The Call called me, only faintly at first with its terse log-like entries. So this is going to be a book about a country vet who delivers goats, sews up a horse that listens to classical music, and relates to a zebra? It is. And more.
I've been inside the head of David Appleton and the heart of the Appleton family. A heart that holds lots of love and laughter, but is also pulled, twisted, and strained. Murphy knows about families and knows how to tell their stories--very well. Despite its unusual abrupt style, she brings the Appleton family fully to life, not only David and Jen, but the three children. Nights are cold; snow falls. Parents bicker. Children come out with the unexpected. Family dinners are so delicious, that I flipped to the back vainly hoping for recipes. Ah, the pork chops! Oh, the gypsy soup. Outside of the household, Murphy has captured many of the small town's 600 quirky residents in brief but colorful sketches. She has an eye; she has an ear; she has a true voice.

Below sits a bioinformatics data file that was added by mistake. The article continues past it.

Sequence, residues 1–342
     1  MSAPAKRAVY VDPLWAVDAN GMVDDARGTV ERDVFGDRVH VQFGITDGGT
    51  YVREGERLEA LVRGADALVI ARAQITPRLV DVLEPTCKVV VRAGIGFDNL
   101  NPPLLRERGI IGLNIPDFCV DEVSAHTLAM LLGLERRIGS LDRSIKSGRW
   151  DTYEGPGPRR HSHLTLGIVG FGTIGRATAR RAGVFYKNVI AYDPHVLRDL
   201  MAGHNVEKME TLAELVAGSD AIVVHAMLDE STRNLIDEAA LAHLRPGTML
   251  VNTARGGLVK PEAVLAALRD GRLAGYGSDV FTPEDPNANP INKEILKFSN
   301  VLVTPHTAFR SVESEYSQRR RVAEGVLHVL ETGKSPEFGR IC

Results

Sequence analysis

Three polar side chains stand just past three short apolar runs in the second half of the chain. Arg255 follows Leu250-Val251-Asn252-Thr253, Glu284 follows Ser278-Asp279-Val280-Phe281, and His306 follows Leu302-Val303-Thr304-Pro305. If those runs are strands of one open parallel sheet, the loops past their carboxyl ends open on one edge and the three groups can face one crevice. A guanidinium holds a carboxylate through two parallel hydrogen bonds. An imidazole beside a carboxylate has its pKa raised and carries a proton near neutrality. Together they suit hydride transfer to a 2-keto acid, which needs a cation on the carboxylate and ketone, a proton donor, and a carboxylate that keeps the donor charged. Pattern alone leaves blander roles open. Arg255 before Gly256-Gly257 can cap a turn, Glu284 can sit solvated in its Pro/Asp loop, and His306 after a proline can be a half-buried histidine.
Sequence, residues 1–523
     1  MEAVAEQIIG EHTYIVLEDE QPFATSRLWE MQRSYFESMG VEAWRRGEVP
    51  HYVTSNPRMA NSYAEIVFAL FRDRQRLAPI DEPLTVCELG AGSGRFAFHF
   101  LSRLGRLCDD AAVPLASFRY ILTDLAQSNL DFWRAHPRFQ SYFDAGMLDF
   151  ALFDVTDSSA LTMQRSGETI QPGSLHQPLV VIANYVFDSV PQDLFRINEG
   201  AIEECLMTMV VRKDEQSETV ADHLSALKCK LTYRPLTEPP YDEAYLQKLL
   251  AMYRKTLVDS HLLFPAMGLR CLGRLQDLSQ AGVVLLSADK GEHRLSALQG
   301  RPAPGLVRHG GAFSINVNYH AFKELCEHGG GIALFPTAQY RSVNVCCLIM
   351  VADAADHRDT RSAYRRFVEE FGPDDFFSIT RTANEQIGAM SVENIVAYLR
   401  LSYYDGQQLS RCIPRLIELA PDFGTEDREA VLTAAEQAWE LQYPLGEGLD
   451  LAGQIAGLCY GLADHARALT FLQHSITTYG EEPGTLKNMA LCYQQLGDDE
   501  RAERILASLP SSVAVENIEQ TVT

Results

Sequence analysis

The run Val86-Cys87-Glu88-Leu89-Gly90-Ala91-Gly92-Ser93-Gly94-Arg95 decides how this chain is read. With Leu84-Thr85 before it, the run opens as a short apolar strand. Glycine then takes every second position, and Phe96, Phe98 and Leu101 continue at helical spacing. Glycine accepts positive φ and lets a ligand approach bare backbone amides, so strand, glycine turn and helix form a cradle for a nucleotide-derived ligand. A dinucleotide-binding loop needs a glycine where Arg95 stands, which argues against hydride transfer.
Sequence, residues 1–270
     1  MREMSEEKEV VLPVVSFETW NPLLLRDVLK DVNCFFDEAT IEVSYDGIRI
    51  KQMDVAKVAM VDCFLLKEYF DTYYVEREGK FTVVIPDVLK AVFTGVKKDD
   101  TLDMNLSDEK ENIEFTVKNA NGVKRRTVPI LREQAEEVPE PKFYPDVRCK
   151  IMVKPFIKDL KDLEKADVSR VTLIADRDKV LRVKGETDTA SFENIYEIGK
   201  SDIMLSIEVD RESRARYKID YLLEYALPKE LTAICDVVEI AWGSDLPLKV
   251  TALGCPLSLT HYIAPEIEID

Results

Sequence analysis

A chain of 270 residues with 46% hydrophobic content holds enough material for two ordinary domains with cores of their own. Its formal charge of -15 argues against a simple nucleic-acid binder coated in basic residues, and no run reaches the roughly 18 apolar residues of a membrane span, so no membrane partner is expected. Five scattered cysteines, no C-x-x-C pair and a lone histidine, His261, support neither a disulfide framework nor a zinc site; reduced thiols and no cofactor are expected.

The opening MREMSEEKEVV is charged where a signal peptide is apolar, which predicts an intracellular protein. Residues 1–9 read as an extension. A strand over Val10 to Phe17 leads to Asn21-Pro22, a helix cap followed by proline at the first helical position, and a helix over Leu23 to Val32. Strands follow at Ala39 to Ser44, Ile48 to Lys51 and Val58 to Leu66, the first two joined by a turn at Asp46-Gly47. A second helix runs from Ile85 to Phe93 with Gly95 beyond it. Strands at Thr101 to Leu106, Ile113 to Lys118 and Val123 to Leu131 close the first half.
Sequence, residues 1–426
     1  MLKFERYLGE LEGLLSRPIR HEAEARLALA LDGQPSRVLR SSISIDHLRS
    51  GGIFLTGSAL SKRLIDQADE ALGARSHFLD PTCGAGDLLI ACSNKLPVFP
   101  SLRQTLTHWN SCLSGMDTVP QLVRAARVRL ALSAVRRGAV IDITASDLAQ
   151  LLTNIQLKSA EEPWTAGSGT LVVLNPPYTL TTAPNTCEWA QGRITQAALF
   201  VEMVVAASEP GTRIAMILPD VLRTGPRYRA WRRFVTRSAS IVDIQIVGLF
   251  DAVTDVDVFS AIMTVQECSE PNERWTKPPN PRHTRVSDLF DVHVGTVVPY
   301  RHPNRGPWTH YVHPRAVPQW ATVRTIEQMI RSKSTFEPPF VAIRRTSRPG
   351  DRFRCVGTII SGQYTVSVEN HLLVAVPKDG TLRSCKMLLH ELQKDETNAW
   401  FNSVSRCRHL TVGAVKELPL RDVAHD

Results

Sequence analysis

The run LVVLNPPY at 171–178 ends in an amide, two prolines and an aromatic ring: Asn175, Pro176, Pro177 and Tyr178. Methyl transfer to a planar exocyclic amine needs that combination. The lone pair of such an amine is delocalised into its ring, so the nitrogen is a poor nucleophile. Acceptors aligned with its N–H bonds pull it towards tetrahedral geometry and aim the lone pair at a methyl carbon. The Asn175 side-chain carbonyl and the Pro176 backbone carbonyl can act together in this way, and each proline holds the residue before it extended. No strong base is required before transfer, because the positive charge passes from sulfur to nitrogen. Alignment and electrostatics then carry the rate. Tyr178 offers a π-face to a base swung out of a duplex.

I quickly answered the call of the book and sank into full-time reading. Then, the tragic accident that almost rends the family took me with a jolt. It mirrored a decades old episode in my own family's journey so closely and clearly, that I almost shut the book, but I persevered. Glad I am and I can testify that account of the Appletons' suffering is pinpoint accurate.
A fine book. How fine? I immediately ordered one of Murphy's children's books for my five-year-old granddaughter. Now I'm off to make gypsy soup.